Why elephants rarely get cancer –Riddle Solved

Why elephants rarely get cancer –Riddle Solved


Dr. Joshua Schiffman, a pediatric oncologist and research investigator at the Huntsman Cancer Institute, was often puzzled by the fact that large animals like Elephant and Whales have considerably less incidence of cancer as compared to smaller animals. Now researchers at the University of Utah and Huntsman Cancer Institute believe that a pachyderm gene could be helping the elephants ward off cancer.

The unlikely source of inspiration for Dr. Joshua D. Schiffman was a visit to Salt Lake City’s Hogle Zoo in 2012. Seeing Elephants he started to wonder why Elephants who have more blood in their body and hence logically must have more cancer. However, the truth is just the opposite. Elephants have only 5% risk of getting cancer as compared to 15 to 25% in humans.

Earlier Schiffman had discussed the possibility of studying the genetic makeup of these huge creatures Carlo C. Maley, who is an associate professor at Arizona State University. After three years, Schiffman has been able to establish why elephants have less incidence of cancer. It could also mean a start of new treatment for humans.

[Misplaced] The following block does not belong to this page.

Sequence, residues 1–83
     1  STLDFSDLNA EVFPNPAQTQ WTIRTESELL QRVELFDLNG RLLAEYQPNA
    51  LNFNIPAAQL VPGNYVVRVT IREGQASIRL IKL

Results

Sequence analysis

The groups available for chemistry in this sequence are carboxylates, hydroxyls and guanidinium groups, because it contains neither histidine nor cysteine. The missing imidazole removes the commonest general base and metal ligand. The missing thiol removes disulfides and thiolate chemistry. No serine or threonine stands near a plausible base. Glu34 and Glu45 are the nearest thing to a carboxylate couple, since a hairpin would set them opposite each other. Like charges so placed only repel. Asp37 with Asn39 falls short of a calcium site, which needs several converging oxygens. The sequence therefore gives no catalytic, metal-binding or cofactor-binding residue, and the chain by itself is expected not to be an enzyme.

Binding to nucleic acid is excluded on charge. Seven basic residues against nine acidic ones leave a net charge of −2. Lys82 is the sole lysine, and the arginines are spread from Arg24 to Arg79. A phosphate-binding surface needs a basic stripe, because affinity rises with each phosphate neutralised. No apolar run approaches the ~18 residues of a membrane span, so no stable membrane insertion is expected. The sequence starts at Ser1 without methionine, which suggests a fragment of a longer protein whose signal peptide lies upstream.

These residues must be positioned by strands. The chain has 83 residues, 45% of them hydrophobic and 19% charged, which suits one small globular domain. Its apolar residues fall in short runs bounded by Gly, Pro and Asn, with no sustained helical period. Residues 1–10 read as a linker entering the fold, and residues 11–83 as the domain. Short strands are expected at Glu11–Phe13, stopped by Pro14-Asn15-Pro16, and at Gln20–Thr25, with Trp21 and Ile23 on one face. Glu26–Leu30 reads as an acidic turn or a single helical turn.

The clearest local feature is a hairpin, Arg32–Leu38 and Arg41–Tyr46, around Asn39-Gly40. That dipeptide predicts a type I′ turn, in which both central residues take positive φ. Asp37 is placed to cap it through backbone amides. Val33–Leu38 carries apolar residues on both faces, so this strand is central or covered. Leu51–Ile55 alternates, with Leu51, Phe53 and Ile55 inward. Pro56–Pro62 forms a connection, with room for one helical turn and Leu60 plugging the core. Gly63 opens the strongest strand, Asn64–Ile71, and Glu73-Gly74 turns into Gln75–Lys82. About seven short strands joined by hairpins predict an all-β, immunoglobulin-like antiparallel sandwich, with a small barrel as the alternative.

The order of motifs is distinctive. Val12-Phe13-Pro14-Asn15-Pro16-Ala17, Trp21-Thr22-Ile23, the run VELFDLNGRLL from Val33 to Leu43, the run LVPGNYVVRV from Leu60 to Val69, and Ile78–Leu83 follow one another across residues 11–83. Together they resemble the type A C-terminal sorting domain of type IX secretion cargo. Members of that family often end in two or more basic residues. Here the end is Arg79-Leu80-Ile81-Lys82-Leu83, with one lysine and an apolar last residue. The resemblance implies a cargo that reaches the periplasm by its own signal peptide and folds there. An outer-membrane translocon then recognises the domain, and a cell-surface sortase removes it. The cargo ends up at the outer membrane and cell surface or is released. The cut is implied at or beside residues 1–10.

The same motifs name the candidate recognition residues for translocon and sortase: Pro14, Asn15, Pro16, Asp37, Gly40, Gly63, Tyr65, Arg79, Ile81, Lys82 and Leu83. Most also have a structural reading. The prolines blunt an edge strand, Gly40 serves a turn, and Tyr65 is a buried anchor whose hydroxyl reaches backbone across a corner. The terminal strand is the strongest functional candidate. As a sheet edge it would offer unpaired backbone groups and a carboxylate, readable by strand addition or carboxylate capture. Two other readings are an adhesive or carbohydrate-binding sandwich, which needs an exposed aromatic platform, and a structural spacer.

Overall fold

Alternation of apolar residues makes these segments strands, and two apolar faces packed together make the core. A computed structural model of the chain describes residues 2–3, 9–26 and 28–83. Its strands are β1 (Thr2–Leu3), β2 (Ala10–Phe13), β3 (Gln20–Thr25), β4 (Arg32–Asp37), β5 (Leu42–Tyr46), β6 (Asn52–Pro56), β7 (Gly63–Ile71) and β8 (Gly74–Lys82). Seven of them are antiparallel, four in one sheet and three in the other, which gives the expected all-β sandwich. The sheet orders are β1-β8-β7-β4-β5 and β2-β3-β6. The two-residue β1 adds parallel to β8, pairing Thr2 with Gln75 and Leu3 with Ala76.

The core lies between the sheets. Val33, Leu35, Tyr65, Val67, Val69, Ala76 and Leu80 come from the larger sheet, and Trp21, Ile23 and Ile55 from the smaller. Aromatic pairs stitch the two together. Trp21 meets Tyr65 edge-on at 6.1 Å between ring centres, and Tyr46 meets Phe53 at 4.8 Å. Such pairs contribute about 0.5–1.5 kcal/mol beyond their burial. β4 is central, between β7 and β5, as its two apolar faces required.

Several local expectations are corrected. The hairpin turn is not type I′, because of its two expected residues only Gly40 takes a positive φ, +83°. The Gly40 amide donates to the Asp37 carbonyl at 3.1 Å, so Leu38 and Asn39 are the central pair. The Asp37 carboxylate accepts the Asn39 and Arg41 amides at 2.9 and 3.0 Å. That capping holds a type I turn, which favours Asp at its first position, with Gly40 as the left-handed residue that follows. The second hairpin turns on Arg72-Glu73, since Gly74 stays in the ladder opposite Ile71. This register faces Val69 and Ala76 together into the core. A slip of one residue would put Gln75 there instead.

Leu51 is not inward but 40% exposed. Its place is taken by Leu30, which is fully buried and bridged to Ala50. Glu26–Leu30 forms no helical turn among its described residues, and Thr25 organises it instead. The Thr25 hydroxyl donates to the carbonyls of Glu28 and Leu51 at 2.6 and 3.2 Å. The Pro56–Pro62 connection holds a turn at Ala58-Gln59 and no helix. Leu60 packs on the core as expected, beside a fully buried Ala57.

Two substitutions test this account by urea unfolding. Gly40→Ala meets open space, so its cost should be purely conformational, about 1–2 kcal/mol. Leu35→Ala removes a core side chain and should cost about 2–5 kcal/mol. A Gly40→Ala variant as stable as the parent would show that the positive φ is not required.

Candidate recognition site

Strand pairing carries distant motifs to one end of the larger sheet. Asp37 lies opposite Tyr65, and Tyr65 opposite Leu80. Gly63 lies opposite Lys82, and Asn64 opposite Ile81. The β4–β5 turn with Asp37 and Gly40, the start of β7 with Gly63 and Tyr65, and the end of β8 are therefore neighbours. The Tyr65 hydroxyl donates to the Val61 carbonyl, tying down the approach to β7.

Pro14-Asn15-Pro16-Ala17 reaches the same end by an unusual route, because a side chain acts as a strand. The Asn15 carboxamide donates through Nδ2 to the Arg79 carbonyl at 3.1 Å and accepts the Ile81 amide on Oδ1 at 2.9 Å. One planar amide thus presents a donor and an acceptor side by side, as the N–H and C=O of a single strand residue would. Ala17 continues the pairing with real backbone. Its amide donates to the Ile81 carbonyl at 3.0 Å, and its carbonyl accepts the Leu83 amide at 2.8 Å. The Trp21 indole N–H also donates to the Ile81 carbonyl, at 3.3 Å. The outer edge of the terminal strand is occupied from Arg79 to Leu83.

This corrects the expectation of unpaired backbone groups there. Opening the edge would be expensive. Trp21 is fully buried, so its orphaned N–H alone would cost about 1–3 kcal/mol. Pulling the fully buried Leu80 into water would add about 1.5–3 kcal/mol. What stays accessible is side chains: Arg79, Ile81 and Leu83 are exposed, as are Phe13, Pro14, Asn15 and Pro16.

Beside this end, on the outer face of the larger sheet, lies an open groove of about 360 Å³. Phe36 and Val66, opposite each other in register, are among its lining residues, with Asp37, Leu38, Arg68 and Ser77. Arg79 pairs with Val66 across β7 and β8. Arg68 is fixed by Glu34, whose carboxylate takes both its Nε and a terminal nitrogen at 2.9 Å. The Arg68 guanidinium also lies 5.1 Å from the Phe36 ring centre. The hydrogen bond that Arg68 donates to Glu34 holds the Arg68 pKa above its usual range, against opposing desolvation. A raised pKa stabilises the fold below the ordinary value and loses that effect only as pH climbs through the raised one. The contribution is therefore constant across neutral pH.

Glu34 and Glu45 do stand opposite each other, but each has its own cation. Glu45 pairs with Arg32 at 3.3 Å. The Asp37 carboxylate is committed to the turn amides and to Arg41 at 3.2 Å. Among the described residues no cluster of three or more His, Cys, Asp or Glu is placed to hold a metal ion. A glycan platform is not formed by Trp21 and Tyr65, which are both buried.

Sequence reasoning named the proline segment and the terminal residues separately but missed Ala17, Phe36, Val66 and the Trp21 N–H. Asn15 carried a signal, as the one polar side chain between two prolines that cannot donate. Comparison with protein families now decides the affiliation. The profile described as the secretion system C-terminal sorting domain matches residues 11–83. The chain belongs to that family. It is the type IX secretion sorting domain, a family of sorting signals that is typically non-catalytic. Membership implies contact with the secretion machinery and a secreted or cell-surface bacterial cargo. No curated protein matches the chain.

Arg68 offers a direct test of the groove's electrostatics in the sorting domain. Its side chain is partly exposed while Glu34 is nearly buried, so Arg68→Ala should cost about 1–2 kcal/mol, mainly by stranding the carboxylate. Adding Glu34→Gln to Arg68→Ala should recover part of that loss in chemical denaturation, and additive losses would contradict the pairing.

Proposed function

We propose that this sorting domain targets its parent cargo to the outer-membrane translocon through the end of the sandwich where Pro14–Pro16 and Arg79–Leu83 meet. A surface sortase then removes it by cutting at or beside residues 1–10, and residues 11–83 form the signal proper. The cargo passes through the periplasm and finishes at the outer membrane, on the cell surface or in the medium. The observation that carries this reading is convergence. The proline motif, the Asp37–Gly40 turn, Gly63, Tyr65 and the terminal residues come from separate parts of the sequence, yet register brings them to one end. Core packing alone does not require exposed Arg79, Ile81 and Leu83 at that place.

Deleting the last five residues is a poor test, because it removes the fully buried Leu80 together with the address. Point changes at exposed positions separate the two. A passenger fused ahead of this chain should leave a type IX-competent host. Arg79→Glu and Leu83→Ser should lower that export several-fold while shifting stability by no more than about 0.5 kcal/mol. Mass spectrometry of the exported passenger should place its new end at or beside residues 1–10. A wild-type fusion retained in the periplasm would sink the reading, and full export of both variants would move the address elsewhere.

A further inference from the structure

Schiffman along with zoo, Ringling Bros. Center for Elephant Conservation, where Schiffman works, Primary Children’s Hospital, and the Huntsman Cancer Institute at the University of Utah discovered that these huge creatures have 38 extra modified copies, or alleles, of a gene that encodes p53, a tumor suppressor. By comparison, humans only have two of these alleles.

Schiffman along with his research team discovered that elephant was a champion in cancer-fighting abilities. Elephants killed the damaged and aberrant cancer cells at a rate double those of humans. Schiffman’s lab is also working deeply with Li-Fraumeni Syndrome, which is a rare hereditary disorder that ups the risk of certain cancers. Comparing the cells of normal people, people with Li-Fraumeni Syndrome and elephants found that Elephant killed the cancer cells at a rate five times that of people with the above syndrome.

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Brian Thompson has been a science journalist since past 15 years and continues his journey with the Astronomy, Space and Social Science changes happened so far in this industry. He has worked for various magazines as the chief editor. He has experience in writing and editing across every sector of the media involving magazines, newspapers, online as well as for leading television shows for the past 15 years. His style of presentation is both crisp yet captivating for the audience. Email : brian@dailysciencejournal.com